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Posted December 18, 2006

December 18, 2006

It’s a long time since I’ve posted a message of hope. But that is what you will find here today.

Word came out within the last few days (which most if not all of you have already seen) regarding the fact that President Bush is considering putting 30,000 to 50,000 more troops into Iraq, rather than pulling out those already in there and admitting defeat.

Now I share with you additional information with regard to this, from Fred Barnes, who has written an article, "We’re Going to Win," in the Weekly Standard. Says Barnes, "Now Bush is ready to gamble his presidency on a last-ditch effort to defeat the Sunni insurgency and establish a sustainable democracy in Iraq. He is prepared to defy the weary wisdom of Washington that it’s too late, that the war in Iraq is lost…"

All right! Mr. Bush gets it after all, and is not prepared to cave in the face of the recent elections.

Bush, says Barnes, has "tossed aside" the recommendations of Baker’s Iraq Study Group. Good news indeed.

All Bush needed was a plan for winning and apparently he is now looking at one that he believes has good possibilities. This is a plan that has been authored by General (ret.) Jack Keane, former vice chief of staff of the army, and Frederick W. Kagan of the American Enterprise Institute. I will not belabor the details of this plan (which can be found at aei.org/publication25292). Sufficient to say here that it calls for the temporary addition of 50,000 troops, focuses on Baghdad, and applies a counterinsurgency approach that it is believed has a good shot at being successful. "We’re going to win," says Bush.

It’s worth noting here — and this is very much in line with what Caroline Glick wrote some weeks ago — that this is similar to an approach that was used very successfully in Vietnam, when the Viet Cong were so well cleared out that the South Vietnamese gov’t took control of the country. The Viet Cong subsequently won only because Congress cut off funds in response to the media-generated anti-war attitude. The message here is inescapable and critical, if fairly obvious: Winning requires determination to do so.

Bush hopes to announce this plan in January, after military reviews assure him that this has a reasonable chance of succeeding, and political connections give him reassurance that moderate Democrats will stand back and give him a chance (which he tends to believe they will).



And why does this buoy me so? Because I know how bad pulling out of Iraq would be — for us here in Israel, for the stability of the Middle East, and for the future of the war on terrorism (which means also for the US). There should be no appeasement, no caving, as these things simply encourage more terrorism.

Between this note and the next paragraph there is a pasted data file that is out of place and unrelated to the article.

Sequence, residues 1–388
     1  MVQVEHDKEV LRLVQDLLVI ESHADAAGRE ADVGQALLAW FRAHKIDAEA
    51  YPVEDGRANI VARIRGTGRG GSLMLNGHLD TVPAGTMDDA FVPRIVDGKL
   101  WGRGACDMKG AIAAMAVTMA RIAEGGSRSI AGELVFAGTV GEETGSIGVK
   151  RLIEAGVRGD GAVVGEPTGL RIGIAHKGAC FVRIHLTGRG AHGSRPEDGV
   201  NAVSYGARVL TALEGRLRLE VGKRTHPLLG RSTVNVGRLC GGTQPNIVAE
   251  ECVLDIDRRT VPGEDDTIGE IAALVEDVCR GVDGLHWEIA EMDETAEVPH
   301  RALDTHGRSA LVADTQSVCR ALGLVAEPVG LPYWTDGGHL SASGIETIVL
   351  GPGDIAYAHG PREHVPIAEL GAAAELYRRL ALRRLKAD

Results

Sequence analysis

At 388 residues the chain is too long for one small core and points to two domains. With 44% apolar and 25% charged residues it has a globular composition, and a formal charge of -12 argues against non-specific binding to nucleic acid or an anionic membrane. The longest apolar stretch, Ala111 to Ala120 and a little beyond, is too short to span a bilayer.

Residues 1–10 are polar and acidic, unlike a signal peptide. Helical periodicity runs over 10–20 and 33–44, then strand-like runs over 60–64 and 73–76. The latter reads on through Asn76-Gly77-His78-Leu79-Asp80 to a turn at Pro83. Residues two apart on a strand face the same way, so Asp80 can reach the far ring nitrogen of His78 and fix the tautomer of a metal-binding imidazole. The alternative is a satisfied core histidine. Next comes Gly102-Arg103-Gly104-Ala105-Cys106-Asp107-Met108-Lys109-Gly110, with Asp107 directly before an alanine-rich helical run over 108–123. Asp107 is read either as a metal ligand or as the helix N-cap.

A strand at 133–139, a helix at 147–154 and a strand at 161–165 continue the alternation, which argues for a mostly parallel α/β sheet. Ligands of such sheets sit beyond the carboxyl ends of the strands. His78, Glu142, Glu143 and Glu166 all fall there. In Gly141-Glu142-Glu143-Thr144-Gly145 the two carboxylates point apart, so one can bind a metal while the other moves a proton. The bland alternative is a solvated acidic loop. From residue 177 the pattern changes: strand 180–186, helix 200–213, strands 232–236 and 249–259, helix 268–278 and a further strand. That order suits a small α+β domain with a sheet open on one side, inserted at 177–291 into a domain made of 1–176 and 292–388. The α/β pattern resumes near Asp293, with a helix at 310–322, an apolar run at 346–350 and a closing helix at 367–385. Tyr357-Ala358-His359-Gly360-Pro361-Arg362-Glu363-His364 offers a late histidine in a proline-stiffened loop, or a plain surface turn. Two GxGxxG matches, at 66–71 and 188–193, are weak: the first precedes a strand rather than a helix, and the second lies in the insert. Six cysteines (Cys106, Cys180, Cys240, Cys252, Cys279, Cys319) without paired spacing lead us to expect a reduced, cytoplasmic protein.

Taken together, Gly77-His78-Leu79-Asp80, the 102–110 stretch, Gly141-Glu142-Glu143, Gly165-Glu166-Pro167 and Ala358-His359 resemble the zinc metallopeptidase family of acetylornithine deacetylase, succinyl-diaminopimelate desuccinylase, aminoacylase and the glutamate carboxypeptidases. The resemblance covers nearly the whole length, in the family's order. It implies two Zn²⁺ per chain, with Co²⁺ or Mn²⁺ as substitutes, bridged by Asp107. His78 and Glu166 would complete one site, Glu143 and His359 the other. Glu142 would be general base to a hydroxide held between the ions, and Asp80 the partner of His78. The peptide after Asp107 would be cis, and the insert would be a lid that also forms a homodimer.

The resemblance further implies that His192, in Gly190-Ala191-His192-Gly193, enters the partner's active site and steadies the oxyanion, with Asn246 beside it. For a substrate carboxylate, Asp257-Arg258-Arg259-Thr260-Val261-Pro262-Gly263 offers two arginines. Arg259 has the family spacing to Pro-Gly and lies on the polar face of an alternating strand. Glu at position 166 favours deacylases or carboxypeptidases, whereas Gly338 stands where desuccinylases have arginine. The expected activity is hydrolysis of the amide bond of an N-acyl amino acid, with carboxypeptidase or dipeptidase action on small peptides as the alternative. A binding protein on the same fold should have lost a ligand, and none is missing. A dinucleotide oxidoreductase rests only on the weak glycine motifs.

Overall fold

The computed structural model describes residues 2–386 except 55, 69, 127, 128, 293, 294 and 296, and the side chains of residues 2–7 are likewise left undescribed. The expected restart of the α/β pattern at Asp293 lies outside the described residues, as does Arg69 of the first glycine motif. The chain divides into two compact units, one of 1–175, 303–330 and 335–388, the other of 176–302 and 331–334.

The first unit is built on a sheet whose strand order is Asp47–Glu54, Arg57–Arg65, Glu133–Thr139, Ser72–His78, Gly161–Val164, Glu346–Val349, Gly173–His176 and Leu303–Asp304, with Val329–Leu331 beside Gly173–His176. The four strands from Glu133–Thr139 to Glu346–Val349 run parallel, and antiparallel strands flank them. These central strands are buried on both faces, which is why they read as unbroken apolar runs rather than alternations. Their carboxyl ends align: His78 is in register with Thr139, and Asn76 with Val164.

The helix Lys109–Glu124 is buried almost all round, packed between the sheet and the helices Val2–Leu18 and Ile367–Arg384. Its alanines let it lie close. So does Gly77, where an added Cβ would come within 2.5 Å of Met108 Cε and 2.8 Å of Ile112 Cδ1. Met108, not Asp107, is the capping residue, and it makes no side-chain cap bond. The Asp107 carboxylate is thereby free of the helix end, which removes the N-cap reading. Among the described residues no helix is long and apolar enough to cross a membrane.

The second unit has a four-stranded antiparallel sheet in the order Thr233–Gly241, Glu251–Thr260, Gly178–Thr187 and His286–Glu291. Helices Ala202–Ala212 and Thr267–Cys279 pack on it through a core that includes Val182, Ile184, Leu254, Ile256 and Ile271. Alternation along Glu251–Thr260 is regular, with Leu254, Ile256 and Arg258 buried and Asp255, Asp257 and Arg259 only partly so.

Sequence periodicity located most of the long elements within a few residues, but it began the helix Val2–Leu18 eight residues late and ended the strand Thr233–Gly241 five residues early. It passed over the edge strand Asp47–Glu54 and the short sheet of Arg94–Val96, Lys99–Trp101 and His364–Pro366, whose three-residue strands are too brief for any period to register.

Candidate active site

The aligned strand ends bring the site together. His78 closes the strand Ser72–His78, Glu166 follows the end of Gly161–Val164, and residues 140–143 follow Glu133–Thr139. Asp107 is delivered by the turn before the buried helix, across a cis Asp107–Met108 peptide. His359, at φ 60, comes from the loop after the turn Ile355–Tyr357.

Additionally, an attitude by the US of standing strong in Iraq promotes encouragement of our standing strong against the terrorists in our backyard: a policy tone is set.

If Baker’s report really has been thrown out, this gives additional hope. For he recommended appeasement in a variety of different contexts — such as giving Syria the Golan so that the Syrians would be helpful in Iraq — all of them bad and many that would have done us great damage.

What is more, it increases the possibility that the president will be willing to bomb Iran to stop it from going nuclear. I won’t even mention here the rumors I’m now hearing in this regard. I’ll continue to watch and to listen, and to report.


A delegation of five US senators, headed by John McCain and Joe Lieberman, is here now; they have come following visits to Afghanistan and Iraq. McCain and Lieberman today let Olmert know that they were solidly opposed to the Baker-Hamilton report.


I admit it publicly: totally aside from the fact that I think Baker’s ideas are bad news and need to be thoroughly trashed, I take a personal satisfaction in seeing his ideas diminished and the respect he is accorded minimized. Baker is no friend, not to the Jews and not to Israel. He showed this most clearly when he used an obscenity in referring to "the Jews," some years ago. I thoroughly dislike this man and am pleased if he falls on his face.


I will mention here, only very briefly, the information I’m receiving with regard to the Olmert government and the current coalition. Efforts are afoot to see that the days of this coalition are numbered: What is expected to happen is an implosion — defections from within the camp that would rob the coalition of its necessary majority. More, as I have more… It’s too soon to know how solid my information is.